Pick of the Week

Deemed Stage-Worthy

It was late in the evening when Tucson playwright Ry Herman and his friends set out on an adventure in downtown Boston. They weren't out to explore the latest hotspots and happenings; they were on their way to a funeral for a cat. And not just any funeral--a Viking funeral.

It all started when Herman received a call from his ex-wife, whom he hadn't spoken to in a year. She called to report that Joppy the cat had passed away. Joppy belonged to other people, but had lived with Herman and his ex-wife. Now they all wanted to have a special funeral, and Herman was invited.

Herman joined his ex-wife and friends at 10 p.m. With Joppy in the backseat, they set out to find a place to hold the funeral. "A Viking funeral is where you put the (deceased) in a container, light it (on fire) and let it sink in the open sea," explains Herman. "They had the idea that lighting a dead cat on fire was illegal, so we drove around looking for underdeveloped property in downtown Boston. We were looking for things that didn't exist with a dead cat in the back. ... It was one very long evening. We got back at 6 a.m."

As Herman would repeat this story to friends in later years, many of them suggested he turn the experience into a play. Herman followed their advice. The comedy Dead Cat is one of the plays to be performed at Old Pueblo Playwrights' 15th Annual New Play Festival. The festival takes place Thursday, Jan. 26 through Sunday, Jan. 29 at the Temple of Music and Art's Cabaret Theater, 330 S. Scott Ave. Performance times are 7:30 p.m. Thursday, Friday and Saturday, and 2:30 p.m. Saturday and Sunday. Tickets are $5 per performance or $20 for a festival pass. Call 615-1180 or e-mail TheJunkyardDiva@aol.com for tickets.

"Old Pueblo Playwrights is a development organization that exists for playwrights to refine their plays and make them better ... to get them from the first draft to a performance stage-worthy play," says Herman. "We meet on Monday night to read plays aloud and critique them. It's a group of playwrights helping each other out.

"Each year, we vote on the most stage-worthy plays and put them in a festival. ... To be voted in, the play has to have two Monday-night readings. At the second reading, it has to have the majority of votes of the people there, with a minimum of four yes votes."

This year's plays range from 10 minutes to two hours in length. The lineup is as follows: 7:30 p.m. Thursday, Jan. 26: Odd Birds, written by Eugenia Woods and directed by Adam Adolfo-Yzaguirre, is a drama about a married couple struggling to adapt to the husband's recent gender reassignment. (Contains adult content.) It's followed by Transitional Objects, written by Eugenia Woods and directed by Ry Herman, a drama about a family coming to terms with shifting gender roles and sexual orientation.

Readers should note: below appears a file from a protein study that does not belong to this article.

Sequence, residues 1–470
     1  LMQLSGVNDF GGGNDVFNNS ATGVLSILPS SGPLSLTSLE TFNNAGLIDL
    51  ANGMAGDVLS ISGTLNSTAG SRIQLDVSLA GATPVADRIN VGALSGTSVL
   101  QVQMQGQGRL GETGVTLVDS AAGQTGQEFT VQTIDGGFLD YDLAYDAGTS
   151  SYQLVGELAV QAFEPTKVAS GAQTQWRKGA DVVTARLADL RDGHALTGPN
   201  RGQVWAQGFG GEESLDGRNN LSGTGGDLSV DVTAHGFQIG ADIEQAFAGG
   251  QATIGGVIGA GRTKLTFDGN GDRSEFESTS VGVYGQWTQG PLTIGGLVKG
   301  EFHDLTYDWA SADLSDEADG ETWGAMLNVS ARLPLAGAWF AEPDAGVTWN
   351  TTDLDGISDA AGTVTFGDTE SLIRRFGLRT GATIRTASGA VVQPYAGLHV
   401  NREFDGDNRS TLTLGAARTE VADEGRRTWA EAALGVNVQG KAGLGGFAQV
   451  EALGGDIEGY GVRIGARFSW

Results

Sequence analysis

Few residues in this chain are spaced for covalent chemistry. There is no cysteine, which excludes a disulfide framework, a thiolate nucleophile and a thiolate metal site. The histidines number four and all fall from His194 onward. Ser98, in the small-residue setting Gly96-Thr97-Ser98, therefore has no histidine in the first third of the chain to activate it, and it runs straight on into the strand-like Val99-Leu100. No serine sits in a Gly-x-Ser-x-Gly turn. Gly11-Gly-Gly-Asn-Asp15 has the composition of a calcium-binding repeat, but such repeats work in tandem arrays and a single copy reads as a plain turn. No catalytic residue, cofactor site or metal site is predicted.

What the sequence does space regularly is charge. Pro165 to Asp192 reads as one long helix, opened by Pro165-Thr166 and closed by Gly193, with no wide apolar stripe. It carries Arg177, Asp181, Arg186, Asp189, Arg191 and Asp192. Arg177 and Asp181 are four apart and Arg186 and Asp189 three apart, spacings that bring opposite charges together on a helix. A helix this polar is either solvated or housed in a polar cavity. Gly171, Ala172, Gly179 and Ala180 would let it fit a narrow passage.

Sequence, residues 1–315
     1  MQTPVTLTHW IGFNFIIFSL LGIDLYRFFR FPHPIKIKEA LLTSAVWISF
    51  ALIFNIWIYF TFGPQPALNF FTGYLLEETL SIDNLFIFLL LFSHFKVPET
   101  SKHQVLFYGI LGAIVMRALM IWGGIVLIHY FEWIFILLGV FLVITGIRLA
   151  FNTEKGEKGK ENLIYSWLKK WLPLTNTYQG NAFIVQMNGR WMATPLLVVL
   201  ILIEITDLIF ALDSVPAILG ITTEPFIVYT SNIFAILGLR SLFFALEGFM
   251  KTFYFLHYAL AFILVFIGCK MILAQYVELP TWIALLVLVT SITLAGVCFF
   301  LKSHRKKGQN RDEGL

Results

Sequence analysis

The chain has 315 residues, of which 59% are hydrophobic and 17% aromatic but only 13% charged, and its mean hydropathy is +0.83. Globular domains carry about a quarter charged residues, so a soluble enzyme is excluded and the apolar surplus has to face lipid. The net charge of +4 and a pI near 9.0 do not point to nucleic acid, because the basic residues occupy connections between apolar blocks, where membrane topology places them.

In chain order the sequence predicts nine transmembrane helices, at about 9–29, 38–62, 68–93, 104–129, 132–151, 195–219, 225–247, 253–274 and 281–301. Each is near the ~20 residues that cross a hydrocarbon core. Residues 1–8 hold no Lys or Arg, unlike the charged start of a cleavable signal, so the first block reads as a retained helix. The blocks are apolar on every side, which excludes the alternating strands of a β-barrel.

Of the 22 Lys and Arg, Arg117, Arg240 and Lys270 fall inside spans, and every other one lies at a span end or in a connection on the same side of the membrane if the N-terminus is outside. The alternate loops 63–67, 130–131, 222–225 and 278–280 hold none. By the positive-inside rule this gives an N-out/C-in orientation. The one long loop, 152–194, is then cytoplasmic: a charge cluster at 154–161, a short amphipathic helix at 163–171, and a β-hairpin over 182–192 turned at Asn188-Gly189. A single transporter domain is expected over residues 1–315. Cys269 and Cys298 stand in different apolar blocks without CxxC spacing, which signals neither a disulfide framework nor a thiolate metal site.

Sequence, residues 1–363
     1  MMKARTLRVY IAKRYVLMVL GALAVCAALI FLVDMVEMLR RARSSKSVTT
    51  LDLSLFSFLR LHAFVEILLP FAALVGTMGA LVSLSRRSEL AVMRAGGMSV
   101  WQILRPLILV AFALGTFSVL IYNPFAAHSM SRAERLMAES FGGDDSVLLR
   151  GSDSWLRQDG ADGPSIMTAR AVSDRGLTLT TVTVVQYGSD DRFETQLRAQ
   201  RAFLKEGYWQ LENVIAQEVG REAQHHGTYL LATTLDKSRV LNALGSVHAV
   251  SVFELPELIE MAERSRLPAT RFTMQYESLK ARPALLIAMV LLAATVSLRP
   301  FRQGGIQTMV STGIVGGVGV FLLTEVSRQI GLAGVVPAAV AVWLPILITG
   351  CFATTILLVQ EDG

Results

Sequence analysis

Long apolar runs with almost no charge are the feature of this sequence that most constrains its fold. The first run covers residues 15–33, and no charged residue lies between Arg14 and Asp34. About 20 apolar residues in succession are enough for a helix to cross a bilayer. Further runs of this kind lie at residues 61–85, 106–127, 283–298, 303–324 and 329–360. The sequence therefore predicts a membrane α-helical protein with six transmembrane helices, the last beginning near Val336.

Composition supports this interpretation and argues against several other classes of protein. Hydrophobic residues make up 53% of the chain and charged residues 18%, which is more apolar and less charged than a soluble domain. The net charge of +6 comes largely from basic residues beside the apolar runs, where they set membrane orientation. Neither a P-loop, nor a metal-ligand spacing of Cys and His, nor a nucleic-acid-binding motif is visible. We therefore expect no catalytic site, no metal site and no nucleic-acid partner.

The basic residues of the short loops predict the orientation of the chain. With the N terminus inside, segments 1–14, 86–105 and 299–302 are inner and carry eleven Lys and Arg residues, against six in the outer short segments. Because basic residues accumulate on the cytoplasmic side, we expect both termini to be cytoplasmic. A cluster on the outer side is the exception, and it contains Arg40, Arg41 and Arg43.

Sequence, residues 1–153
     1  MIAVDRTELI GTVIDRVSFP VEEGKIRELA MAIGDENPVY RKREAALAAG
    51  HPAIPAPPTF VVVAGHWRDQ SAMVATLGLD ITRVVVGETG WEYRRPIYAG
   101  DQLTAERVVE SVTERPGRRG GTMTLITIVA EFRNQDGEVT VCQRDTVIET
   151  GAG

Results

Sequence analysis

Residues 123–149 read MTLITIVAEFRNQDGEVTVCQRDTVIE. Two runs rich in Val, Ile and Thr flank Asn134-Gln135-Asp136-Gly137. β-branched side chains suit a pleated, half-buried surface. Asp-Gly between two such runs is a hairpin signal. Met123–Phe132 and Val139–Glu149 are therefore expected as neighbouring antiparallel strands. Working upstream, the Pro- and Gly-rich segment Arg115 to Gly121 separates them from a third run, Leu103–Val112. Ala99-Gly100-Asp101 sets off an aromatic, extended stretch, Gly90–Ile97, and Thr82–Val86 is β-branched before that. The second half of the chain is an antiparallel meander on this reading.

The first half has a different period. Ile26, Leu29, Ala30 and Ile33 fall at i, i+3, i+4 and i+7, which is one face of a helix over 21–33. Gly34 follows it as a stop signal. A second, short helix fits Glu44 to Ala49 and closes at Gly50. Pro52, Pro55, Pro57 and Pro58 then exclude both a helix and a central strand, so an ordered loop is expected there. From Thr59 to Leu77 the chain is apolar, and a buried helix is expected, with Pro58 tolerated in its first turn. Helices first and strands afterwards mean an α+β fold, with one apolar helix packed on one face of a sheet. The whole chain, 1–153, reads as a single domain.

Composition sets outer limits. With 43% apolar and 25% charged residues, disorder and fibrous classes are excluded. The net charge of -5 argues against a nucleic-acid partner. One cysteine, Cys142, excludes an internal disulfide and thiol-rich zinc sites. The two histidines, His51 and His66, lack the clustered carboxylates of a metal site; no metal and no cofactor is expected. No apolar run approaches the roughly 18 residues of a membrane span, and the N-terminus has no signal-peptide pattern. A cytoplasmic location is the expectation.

7:30 p.m. Friday, Jan. 27: The Funniest Joke in the World, written by Gavin Kayner and directed by Adam Adolfo-Yzaguirre, is a drama about a man selling the family bar.

2:30 p.m. Saturday, Jan. 28: The aforementioned Dead Cat, written and directed by Ry Herman, followed by Burden Child of St. Paul, written by Manuel Peters and directed by Meg Tully, a drama about a married man who finds and reads the diary of his ex-girlfriend. (Contains adult content.)

7:30 p.m. Saturday, Jan. 28: Circle Jerk, written by Richard Chaney and directed by Chaney and David Swisher, explores eight desperate Seattleites as they confront sex and death. (Contains adult content.)

2:30 p.m. Sunday, Jan. 29: The Carousel Play, written and directed by Jack Frakes, is a comedy looking at the interconnecting lives of six men and women of the Carousel Apartments.

What's unique about the festival is that the plays are performed with script in hand. Playwrights work with actors and directors during rehearsals and can even rewrite pages on the day of the show.

And after each performance, the audience can critique the play. "A facilitator comes out and runs a talk-back session with the audience," explains Herman. "He or she asks general and specific questions about what they liked and what can be improved. Anyone in the audience can weigh in with their opinion. During the first part (of the session), the playwright doesn't speak. It keeps it from being an argument about the play. (After that), the playwright is asked to make a quick comment about what they heard and can ask questions to the audience."

As a member of OPP for the last four years and the current president of the board, Herman has seen plays from the festival go on to premiere on other stages and win awards. His own Man on Dog was performed off-Broadway last spring. And this summer, Herman's Vamp will be performed at Stark Raving Theatre in Portland, Ore.

"It's a very strong slate. These are very, very good plays. They are wildly different from one another. ... I think it's great that we have plays with strong subject matter. I advise people to come to as many as they can," says Herman.

And will audience members find out what happened to Joppy the cat? "Come see the play," says Herman. "That's the ending."

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